Posted on March 9, 2020 by Rabbi Arnold S. Gluck
Our tradition teaches: “When Adar arrives, joy increases.” But this year, it is all too obvious that joy has become increasingly elusive with each passing day of Adar leading up to tonight’s celebration of Purim. Instead of joy, anxiety has increased as we have watched the spread of the coronavirus (thankfully, not significantly in New Jersey, as of now) and seen the toll it is taking, particularly among the sick and elderly.
I want to assure you that at TBE we are taking precautions and will continue to do so as this situation develops, as dictated by the public health authorities. As of now, there is no indication that there is reason to cancel events at the temple, though we understand that some of you may choose to avoid public gatherings based upon your personal circumstances. This includes anyone who feels sick or is exhibiting symptoms of cold or flu.
If you will not be physically present for our Purim celebration tonight at 7:00, please join us via the live stream.
And what are we to do about our emotional and spiritual response to this and other things that may endanger us? How can we fulfill the mitzvah to be joyful when our hearts are troubled and we are reasonably concerned about potential danger?
Rabbi Lord Jonathan Sacks offers us sage advice. He writes:
There are two kinds of joy. There’s expressive joy, the joy you experience and communicate because that’s how you feel. But there’s also therapeutic joy, the joy you will yourself to feel in order to protect yourself against negative emotions. And when we rejoice on Purim, on this festival which is actually the festival about antisemitism, we are saying something very important. “We will not be intimidated. We will not be traumatized. We will not be defined by our enemies. We will live with the threats and even laugh at them because what we can laugh at, we cannot be held captive by.”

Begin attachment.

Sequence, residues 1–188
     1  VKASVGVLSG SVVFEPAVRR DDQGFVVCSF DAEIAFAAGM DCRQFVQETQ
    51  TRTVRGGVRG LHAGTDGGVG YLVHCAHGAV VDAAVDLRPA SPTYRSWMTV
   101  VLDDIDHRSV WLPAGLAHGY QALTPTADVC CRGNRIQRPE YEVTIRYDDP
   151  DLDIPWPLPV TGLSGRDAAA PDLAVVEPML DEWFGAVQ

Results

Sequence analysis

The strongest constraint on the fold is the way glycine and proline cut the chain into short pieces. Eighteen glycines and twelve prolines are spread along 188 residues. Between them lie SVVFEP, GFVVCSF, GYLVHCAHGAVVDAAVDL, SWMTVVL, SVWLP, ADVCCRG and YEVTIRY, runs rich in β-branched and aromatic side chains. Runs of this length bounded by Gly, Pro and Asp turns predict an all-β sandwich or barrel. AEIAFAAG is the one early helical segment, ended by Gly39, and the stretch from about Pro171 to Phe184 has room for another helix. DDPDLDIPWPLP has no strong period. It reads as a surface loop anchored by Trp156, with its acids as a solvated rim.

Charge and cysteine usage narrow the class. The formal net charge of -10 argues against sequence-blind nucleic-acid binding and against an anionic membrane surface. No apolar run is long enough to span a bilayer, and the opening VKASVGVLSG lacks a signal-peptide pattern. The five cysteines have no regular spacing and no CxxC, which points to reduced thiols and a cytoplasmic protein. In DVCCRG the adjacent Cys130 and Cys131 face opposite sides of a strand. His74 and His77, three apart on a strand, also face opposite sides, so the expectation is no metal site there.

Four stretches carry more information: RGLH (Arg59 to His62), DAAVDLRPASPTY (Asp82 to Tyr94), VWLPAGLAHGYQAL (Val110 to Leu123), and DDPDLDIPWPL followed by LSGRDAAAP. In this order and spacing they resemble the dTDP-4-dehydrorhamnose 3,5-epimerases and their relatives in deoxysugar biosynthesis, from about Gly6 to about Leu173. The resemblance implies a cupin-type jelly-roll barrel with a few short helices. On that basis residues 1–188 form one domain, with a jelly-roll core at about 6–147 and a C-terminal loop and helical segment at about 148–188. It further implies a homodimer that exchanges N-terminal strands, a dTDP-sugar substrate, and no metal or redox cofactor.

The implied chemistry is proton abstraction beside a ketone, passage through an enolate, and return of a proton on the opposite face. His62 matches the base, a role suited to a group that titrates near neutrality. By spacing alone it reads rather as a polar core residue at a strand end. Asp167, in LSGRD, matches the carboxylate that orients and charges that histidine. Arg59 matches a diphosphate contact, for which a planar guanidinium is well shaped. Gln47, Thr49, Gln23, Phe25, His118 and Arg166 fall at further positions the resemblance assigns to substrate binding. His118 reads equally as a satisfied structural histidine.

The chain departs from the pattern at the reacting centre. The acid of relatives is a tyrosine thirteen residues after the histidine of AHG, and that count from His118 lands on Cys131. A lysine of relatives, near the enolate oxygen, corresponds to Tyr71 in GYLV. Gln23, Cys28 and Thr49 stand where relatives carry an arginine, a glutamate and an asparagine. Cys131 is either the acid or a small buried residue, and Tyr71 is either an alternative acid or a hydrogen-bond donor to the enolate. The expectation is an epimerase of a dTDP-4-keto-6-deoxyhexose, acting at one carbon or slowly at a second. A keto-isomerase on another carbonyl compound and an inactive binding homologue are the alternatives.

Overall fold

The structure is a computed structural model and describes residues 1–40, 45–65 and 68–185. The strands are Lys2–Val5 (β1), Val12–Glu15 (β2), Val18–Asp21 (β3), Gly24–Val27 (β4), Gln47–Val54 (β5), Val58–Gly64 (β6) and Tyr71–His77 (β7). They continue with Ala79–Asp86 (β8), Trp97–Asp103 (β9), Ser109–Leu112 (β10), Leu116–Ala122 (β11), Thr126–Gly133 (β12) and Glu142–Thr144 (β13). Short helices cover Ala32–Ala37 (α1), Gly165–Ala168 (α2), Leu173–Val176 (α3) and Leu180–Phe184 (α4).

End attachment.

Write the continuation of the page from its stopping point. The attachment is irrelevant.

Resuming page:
What is true of the fear caused by the rise of antisemitism is also true of the threat to public health caused by COVID-19. We need to respond by taking precautions and exercising common sense to keep ourselves, our loved ones, and our community safe from harm. But we don’t need to succumb to fear and anxiety.
The renowned psychologist Victor Frankl developed a school of therapy based upon his personal experience in a Nazi concentration camp. While imprisoned, he practiced a mental discipline by which he refused to grant his persecutors control of his mind and spirit. Later, he would call this “the final freedom” – the ability to decide how you allow what is happening to you to affect you emotionally. This is the kind of choice I believe Rabbi Sacks is speaking of when he speaks of therapeutic joy.
The story of Purim is not simple. An unspeakable tragedy, the annihilation of our entire people, was so narrowly averted that, as Rabbi Sacks points out, joy seems less likely in its aftermath than relief and post-traumatic stress disorder. The joy of Purim, then, is not a spontaneous frivolity or mirth that arises from experiencing the blessings of life; it is the response of people determined not to allow even the direst of circumstances to vanquish our spirits and crush our faith.
So let us choose joy this day as we celebrate Purim. I hope you will join us in our sanctuary or online as we celebrate the miracle of our faith, our people, and our indomitable spirit that chooses life and love and hope.
Chag Purim sameach!
Rabbi Arnie Gluck